KY-Sen: McConnell Leads By 10 in New Poll

Rasmussen (7/29, likely voters incl. leaners, 6/25 in parens):

Bruce Lunsford (D): 42 (41)

Mitch McConnell (R-inc): 52 (48)

(MoE: ±4.5%)

This is about where I’d expect the race to be at this point. Lunsford is within striking distance, but will need to a few good hits on McConnell to close the gap.

SSP currently rates this race as “Likely Republican“.

UPDATE: Yet another poll showing roughly the same picture. Research 2000 for Daily Kos (7/28-30, likely voters, 5/7-9 in parens):

Bruce Lunsford (D): 38 (36)

Mitch McConnell (R-inc): 49 (48)

(MoE: ±4%)

NV-03: SSP Moves Race From “Lean Republican” to “Tossup”

The Swing State Project is upgrading its rating of the race for Nevada’s 3rd District from “Lean Republican” to “Tossup“.

Several factors have influenced our decision, not the least of which are two recent polls showing Porter in very rough shape. In both surveys, Porter is hovering near the 40% mark, well below the threshold of vulnerability for an incumbent. In an Anzalone-Liszt poll released today, Porter is actually trailing Titus by four points.

Titus is a well-known commodity in the district, and as we said earlier, she may stand to benefit from a sense of buyer’s remorse after voters narrowly opted to elect Jim Gibbons over her to the Governor’s mansion in 2006. (Gibbons has had a spectacularly awful and scandalous first term.) Even while losing her gubernatorial bid by four points, she won the 3rd District by two points. As a last-minute replacement candidate for attorney Robert Daskas, her fundraising has been stellar so far, and she won’t be hurting for outside assistance.

A D+1 district, the 3rd CD was designed to be fiercely competitive, but the winds seem to be shifting in the Democratic direction in recent months. According to the most recent numbers, Democrats have racked up a 24,000-strong voter registration advantage in the district.

This may be the type of environment that will finally do Jon Porter in.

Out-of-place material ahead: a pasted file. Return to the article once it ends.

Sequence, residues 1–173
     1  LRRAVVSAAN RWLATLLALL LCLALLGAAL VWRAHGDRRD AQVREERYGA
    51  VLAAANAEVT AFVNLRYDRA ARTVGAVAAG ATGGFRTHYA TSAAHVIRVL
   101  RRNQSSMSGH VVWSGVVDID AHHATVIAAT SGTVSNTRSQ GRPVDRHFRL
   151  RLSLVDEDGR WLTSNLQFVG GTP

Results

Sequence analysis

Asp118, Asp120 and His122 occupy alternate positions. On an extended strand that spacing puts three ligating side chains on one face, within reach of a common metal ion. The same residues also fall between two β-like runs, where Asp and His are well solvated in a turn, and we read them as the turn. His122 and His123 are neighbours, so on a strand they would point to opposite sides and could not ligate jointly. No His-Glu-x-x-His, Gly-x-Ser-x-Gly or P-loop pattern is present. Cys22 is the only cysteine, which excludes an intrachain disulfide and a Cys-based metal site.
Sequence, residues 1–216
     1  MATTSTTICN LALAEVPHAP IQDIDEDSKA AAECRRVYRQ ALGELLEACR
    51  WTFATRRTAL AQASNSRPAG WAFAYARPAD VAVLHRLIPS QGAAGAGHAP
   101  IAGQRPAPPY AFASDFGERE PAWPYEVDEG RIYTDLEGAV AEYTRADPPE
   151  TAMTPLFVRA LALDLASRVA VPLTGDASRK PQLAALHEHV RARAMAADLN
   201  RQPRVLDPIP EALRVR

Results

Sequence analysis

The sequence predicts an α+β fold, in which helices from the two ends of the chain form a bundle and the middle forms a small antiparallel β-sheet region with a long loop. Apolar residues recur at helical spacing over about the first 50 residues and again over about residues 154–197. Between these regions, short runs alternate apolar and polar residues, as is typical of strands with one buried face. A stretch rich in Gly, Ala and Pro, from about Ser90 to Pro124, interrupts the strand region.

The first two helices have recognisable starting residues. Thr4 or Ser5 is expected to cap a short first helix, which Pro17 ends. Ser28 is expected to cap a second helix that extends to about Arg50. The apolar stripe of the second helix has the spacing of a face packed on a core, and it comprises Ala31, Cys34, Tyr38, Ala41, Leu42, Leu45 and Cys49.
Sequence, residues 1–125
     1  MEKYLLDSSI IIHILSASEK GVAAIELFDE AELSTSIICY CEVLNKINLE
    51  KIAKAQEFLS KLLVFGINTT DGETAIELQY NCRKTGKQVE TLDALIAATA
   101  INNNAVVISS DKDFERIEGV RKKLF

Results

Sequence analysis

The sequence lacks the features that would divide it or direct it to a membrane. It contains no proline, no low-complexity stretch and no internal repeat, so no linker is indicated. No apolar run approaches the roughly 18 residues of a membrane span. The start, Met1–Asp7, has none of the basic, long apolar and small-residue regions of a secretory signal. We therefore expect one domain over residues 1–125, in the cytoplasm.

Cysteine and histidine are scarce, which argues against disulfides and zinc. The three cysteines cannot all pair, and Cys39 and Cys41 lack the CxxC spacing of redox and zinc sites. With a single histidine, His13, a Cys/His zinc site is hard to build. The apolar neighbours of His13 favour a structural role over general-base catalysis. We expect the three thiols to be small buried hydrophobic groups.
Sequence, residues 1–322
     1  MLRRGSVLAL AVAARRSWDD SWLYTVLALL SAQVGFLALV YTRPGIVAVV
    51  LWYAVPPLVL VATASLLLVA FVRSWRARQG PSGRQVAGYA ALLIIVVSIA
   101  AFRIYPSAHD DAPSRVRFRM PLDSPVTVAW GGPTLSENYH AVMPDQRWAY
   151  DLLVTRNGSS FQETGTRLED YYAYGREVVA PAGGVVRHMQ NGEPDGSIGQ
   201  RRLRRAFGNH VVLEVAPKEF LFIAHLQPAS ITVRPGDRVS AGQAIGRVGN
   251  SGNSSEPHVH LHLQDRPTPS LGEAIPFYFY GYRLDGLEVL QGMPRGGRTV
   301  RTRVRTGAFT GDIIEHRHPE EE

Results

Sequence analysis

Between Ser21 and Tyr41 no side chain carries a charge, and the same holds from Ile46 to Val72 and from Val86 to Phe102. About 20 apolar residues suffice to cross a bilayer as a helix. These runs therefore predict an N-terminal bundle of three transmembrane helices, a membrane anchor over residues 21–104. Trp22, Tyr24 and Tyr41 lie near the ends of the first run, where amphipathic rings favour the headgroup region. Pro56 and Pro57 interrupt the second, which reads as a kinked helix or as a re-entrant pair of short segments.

MI-09: Joe Knollenberg Gets Ugly

Get a load of this:

That’s what currently pops up when you conduct a Google blog search for Knollenberg. If you click through to the actual article, Knollenberg has scrubbed his original title and replaced it with a new headline: “Protecting Our Families From Harmful Products”.

This sort of thing — especially coming from a United States congressman — is disgusting.

IN-09: Hill Leads Sodrel By 7

The polls just won’t stop today. SurveyUSA (7/28-30, likely voters, 6/16-18):

Baron Hill (D-inc): 49 (51)

Mike Sodrel (R): 42 (40)

Eric Schansberg (L): 4 (4)

(MoE: ±4.2%)

Not much movement here since June, which is not surprising. Hill is the only freshman Democrat in Indiana who is expected to have a competitive race this year, but Sodrel hasn’t really been lighting many fires so far. By November, I think he might come to regret wasting yet another year of his life campaigning against Baron Hill.

SSP currently rates this race as Lean Democratic.

Is getting a filibuster-proof Senate a realistic goal for Democrats?


Cross-posted at Election Inspection

 Before looking at whether or not the Democrats can expect to get the magic sixty, lets review the seats which have the potential to flip, starting from the ones most likely to flip to the ones least likely to flip (anything not listed here means that we consider the seats to be completely safe). (Note, these are all Election Inspection's ratings) 

Solid Democratic (Pick-up)

  • Virginia (Warner)
  • New Mexico (Domenici)
Leans Democratic
  • Sununu (New Hampshire)
  • Landrieu (Lousiana)
  • Colorado (Allard)
  • Stevens (Alaska)

Leans Republican

  • Smith (Oregon)
  • Coleman (Minnesota)
  • Collins (Maine)
  • Wicker (Mississippi-B)
  • McConnell (Kentucky)

Likely Republican (Open Seat retention)

  • Idaho (Craig)

Possible Darkhorse Races (Republican Incumbent)

  • Dole (North Carolina)
  • Cornyn (Texas)
  • Inhofe (Oklahoma)
  • Roberts (Kansas)